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Democrats Urge Trump To Take Tough Stand During Meeting With Putin

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Democratic Party leaders have called on U.S. President Donald Trump to take a tough stand during his meeting with his Russian counterpart next month.

The White House announced Thursday that Trump will meet with Russian President Vladimir Putin on July 16 in Finnish capital Helsinki to discuss "relations between the United States and Russia and a range of national security issues."

Deputy Press Secretary Lindsay Walters told reporters aboard Air Force One, "The President is pursuing this meeting in the interest of America's national security to determine whether Russia is willing to make progress in our relationship".

The President hopes that the meeting can help reduce tensions and lead to constructive engagement that improves peace and security around the world, Walters added.

In a statement slamming Trump over his decision to meet with his Russian counterpart, Senate Minority Leader Chuck Schumer, D-N.Y., asked, "Why is our president so committed to building a relationship with someone so dedicated to undermining our democracy and doing harm to our friends and allies?"

"For Trump to reward President Putin with a one-on-one meeting while Russia actively continues to interfere with our elections & undermine the integrity of the transatlantic alliance, proves his priorities are out of whack," Schumer said on Twitter.

He suggested that "If anything should happen at this meeting, Trump must inform Putin of his intent to aggressively implement tough sanctions that Congress passed last year nearly unanimously and tell him we will no longer stand by while he works to destabilize & harm us & our NATO allies".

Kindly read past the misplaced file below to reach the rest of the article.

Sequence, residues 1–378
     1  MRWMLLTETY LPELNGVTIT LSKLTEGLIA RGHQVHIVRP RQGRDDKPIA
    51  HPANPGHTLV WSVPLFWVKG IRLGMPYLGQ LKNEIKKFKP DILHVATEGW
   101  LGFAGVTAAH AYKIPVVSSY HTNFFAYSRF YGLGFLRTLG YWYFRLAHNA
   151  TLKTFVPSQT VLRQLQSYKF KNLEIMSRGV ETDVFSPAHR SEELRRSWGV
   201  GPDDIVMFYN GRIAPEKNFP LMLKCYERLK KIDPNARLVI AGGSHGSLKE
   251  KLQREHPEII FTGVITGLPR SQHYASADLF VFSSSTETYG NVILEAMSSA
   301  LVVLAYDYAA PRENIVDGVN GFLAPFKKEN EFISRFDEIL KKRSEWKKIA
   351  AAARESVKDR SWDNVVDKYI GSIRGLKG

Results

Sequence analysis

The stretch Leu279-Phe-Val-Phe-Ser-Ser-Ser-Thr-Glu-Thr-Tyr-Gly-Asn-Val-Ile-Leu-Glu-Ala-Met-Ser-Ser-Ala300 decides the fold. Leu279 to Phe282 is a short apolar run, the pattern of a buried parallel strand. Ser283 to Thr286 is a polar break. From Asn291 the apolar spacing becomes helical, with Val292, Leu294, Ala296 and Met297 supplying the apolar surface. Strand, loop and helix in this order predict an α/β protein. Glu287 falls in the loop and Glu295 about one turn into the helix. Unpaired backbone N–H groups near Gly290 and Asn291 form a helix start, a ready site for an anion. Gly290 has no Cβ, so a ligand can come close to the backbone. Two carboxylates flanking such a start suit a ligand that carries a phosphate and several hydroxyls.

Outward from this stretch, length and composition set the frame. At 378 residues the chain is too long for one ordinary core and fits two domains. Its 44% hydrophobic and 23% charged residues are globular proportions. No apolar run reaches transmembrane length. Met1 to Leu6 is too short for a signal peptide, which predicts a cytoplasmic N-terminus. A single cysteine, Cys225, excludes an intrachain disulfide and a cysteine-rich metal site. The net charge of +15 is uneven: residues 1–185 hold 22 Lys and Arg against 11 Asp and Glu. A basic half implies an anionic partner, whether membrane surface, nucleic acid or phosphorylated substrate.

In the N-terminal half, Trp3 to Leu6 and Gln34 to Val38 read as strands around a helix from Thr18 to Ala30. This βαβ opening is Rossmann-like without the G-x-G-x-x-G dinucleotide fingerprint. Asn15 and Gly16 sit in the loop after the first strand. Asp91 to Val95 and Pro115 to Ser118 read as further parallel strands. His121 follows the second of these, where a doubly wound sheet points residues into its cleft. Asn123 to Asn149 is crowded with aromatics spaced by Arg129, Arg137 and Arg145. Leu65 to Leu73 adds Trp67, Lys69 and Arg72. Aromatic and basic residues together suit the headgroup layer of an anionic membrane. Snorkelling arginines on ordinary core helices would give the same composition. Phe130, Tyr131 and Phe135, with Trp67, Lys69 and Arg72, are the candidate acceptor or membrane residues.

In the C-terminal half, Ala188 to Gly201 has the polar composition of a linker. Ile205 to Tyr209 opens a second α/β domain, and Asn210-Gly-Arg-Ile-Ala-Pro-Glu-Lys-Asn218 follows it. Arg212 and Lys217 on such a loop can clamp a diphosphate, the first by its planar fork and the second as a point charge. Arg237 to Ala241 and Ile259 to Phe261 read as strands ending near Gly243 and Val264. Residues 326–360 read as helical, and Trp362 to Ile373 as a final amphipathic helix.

House Democratic Whip Steny Hoyer, D-Md., described the Trump-Putin meeting as "a mockery of history".

Hoyer said in a statement that if President Trump is to meet with President Putin, it would be irresponsible for him not to address Russia's human rights shortcomings.

"At the same time, he must confront President Putin on Russia's interference in our elections and insist that Russia end its illegal occupation of Crimea and its destabilizing activities in Eastern Ukraine and in Syria." Hoyer said.

Hoyer noted that to ignore these issues would be an abdication of his responsibilities as President of the United States.

"The President may think he can play good cop, but backslapping and smiles will not change the Russian President's behavior or stop Russia's aggression or its nefarious efforts to undermine American democracy," Hoyer added.

He urged Trump to take a tough approach and to do so in concert with the NATO allies he will meet with before traveling to Helsinki.

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